After getting in my car the other night, this writer turned on a radio show hosted by a man renowned as a rare moderate in talk radio, although he’s most notable for only moderately deep thinking. He was talking about the Catholic Church sex scandal, and he fielded a caller proposing a unique solution: allow priests to have concubines. This prompted the host to chime in and opine that perhaps the discipline of celibacy should be revisited. After all, said he, it’s only the Catholic Church that has “these problems.” It’s the kind of shallow analysis that passes for social commentary today.
A father in Chicago may find himself in jail, if he exposes his young daughter to his Catholic faith. Joseph Reyes is estranged from his ex-wife and is in a bitter divorce battle with her. The couple had agreed to raise their daughter in the mother’s Jewish faith, but the family law court, at the request of the mother, ordered Reyes not to bring his three-year-old daughter to Easter services at his church. She told Fox News that she was not anti-Christian, but simply wanted the court’s orders to be obeyed.
The census is far from complete, but projections already show the historic pattern of people moving out of the Northeast and into the South and the Rocky Mountain states. This flow has historically been attributed to climate, cheap land, the movement of jobs, and related factors. Maybe. But in this census, for the first time ever, California will not gain at least one seat in the House of Representatives. The climate is still wonderful, the oceans and mountains are still near, and soil is still some of the richest on Earth.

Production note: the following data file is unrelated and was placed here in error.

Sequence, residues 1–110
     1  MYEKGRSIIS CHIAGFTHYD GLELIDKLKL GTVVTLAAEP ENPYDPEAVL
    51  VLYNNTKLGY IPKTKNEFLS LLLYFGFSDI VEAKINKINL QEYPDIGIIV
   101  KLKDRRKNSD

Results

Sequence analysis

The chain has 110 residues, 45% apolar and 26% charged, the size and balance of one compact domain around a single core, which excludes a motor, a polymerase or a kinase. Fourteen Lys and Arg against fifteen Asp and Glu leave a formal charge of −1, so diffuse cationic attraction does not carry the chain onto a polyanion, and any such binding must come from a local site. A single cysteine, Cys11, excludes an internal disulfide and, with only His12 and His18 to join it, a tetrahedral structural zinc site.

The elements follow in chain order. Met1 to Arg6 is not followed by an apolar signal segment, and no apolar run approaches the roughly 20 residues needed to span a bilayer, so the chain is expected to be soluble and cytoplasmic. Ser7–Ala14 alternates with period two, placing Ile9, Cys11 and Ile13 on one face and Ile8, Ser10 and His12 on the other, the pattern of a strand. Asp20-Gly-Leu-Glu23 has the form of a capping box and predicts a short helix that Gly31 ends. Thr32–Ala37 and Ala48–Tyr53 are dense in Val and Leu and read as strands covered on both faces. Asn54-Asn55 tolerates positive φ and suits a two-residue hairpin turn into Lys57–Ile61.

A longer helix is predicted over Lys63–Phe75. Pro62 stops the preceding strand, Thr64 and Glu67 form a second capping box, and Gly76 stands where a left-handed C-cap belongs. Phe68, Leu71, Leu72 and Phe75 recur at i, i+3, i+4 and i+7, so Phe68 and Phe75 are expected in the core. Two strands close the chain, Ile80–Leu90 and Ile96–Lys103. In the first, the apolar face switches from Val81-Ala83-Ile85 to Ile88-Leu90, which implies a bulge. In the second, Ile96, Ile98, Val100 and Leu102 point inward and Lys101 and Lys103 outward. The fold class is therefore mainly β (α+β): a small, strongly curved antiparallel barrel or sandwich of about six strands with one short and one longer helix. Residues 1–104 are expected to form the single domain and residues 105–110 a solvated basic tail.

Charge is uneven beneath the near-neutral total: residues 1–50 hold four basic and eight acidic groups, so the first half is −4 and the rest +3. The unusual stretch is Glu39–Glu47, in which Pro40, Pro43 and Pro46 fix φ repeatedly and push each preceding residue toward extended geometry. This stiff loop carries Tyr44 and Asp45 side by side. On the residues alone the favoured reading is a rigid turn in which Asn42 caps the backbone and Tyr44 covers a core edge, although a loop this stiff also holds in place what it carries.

For Mosab Hassan Yousef, the problem for his fellow Palestinians is simple: “The problem is with their God. They need to be liberated from their God. He is their biggest enemy. It has been 1,400 years they have been lied to.” The sentiment is hardly unique among observers of Islam, but it is striking given Mr. Yousef’s background as a former leader of the terrorist organization Hamas.
Homosexual couples began marrying March 9 in Washington, DC, nearly a week after a measure permitting same-sex marriage passed its final legal hurdles and became law. Scores of couples picked up the marriage licenses they had been allowed to apply for on March 3, even as opponents continued their efforts to get the measure overturned or placed before the city’s residents in a ballot referendum.
By now we’ve all heard about the air-traffic controller who allowed his kids direct airplanes at John F. Kennedy Airport last month. Yes, that’s “kids” — plural. It is now being reported that after the controller, identified as 49-year-old Glenn Duffy, let his 8 or 9-year old son take the reins, he followed suit with his daughter the next day.
When Tony Perkins, president of the Family Research Council, was invited back in October to be the guest speaker at a February 25 prayer luncheon at Andrews Air Force Base, he had no idea he would be expected to suspend his opinions on such issues as homosexuals serving in America’s military. After all, as a noted pro-family spokesman he can certainly be expected to promote values that are conducive to strong families and a stable society. His reputation in that capacity is, no doubt, what garnered him an invitation to speak at the prayer luncheon (and thousands of similar events over the course of his career) in the first place.
A recent report by the Pew Research Center’s Forum on Religion and Public Life seems to validate concerns among Christian leaders that younger generations of Americans are losing the spiritual moorings that have helped keep their nation strong from its founding.
The Nebraska Legislature is considering legislation that would ban abortions performed at least 20 weeks into the pregnancy of a mother. The proposal, Legislative Bill 1103, sponsored by Mike Flood, Speaker of Nebraska’s nonpartisan unicameral legislature, would prohibit such late-term abortions on the grounds of fetal pain.
Tuesday, February 23, marked the 18th Annual Faith & Values Awards Gala in Beverly Hills. At the award show, major television and movie stars, as well as big-time studio executives from all over the country, cat-walked down the red carpet and into the Grand Ballroom at the Beverly Hilton Hotel in Beverly Hills to celebrate Christian and family-friendly movies, despite the fact that the show was untelevised and wholly unnoticed by the mainstream media.